Health Extension Volunteer
Adolescent Health Promoters work in a secondary school 5 days per week during their first year. During their second year, they work approximately 4 days per week at the secondary school and approximately 1 day per week at a local healthcare facility.
At the secondary school, Volunteers:
• Collaborate with teachers to co-plan lessons and co-deliver the Ministry of Education’s Health and Family Life Education (HFLE) curriculum to adolescents 10 – 14 years old
• Work with school staff and other work partners to co-develop and co-lead activities for youth in afterschool clubs and summer camps
• Partner with teachers, the Parent Teachers' Association and/or healthcare workers to facilitate sessions with parents on strategies for communicating with youth
At the healthcare facility, Volunteers:
• Enhance the ability of healthcare workers to provide youth-friendly health services
• Collaborate with healthcare workers to increase youth awareness of and access to services offered
In implementing the Health project, Adolescent Health Promoters will likely collaborate with staff from a variety of agencies and organizations over the course of their service. These may include:
• Ministry of Education’s Health and Family Life Education Coordinator, Parent Teacher Association Coordinator, and Regional Education Department
• Ministry of Public Health’s Adolescent Health Unit, National AIDS Programme Secretariat, and Regional Health Departments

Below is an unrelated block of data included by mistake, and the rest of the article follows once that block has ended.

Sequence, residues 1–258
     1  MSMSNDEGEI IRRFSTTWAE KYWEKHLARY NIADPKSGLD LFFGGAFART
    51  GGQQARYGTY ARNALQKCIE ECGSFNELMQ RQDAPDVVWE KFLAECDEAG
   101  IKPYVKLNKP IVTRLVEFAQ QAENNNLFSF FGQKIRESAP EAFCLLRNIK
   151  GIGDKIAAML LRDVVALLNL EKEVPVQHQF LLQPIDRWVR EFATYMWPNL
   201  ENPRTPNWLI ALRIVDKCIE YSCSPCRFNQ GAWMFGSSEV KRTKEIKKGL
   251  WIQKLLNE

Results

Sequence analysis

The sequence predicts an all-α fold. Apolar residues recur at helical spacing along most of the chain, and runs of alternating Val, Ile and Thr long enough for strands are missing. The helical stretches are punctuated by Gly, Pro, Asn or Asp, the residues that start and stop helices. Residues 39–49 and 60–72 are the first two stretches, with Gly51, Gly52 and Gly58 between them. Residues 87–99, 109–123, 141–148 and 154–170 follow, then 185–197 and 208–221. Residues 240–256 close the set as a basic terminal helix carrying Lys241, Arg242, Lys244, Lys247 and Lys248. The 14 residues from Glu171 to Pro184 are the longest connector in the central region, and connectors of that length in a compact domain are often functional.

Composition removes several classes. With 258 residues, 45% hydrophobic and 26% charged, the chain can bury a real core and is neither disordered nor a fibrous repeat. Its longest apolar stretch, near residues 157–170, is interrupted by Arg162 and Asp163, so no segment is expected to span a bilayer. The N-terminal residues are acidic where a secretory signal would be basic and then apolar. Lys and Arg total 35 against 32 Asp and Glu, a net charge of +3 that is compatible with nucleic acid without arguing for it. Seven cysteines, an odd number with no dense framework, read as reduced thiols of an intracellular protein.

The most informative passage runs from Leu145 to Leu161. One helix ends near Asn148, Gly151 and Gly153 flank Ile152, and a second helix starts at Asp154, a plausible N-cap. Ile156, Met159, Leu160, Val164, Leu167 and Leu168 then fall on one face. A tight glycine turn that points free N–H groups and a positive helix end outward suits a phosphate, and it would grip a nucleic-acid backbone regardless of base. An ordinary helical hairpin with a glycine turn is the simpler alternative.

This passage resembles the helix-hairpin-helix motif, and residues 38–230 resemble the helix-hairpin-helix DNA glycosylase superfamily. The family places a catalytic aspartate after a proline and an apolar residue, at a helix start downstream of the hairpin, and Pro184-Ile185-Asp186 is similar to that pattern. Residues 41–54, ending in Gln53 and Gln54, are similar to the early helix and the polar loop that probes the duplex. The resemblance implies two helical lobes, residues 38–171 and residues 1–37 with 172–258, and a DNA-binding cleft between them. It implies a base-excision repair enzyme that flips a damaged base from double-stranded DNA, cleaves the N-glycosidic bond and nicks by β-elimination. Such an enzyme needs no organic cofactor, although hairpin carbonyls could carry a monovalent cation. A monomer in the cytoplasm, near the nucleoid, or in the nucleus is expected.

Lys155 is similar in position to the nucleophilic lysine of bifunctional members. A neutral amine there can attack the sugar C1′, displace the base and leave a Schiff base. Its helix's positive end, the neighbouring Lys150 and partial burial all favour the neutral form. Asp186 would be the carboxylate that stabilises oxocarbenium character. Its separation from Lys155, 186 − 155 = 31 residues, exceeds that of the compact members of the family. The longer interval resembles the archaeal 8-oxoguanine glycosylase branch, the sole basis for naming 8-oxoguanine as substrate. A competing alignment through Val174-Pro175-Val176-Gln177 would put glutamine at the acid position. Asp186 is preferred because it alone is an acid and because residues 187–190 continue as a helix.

• Ministry of the Presidency’s Department of Social Cohesion, Culture, Youth and Sports Regional Youth Officers
• Non-governmental organizations supporting youth
COVID-19 Volunteer Activities
In the past year, the world has been impacted by the COVID-19 pandemic. As a Volunteer, you will be trained in how to best protect yourself from COVID-19 exposure and understand the impact of and steps to reduce stigma related to COVID-19. You may also have the opportunity to engage with your community on implementing or enhancing COVID-19 mitigation activities, such as COVID-19 prevention and risk reduction strategies including social distancing, hand washing, mask wearing, addressing myths and misconceptions related to these practices, and vaccine hesitancy. Activities will be tailored to address the COVID-19 circumstances in the communities where you will serve.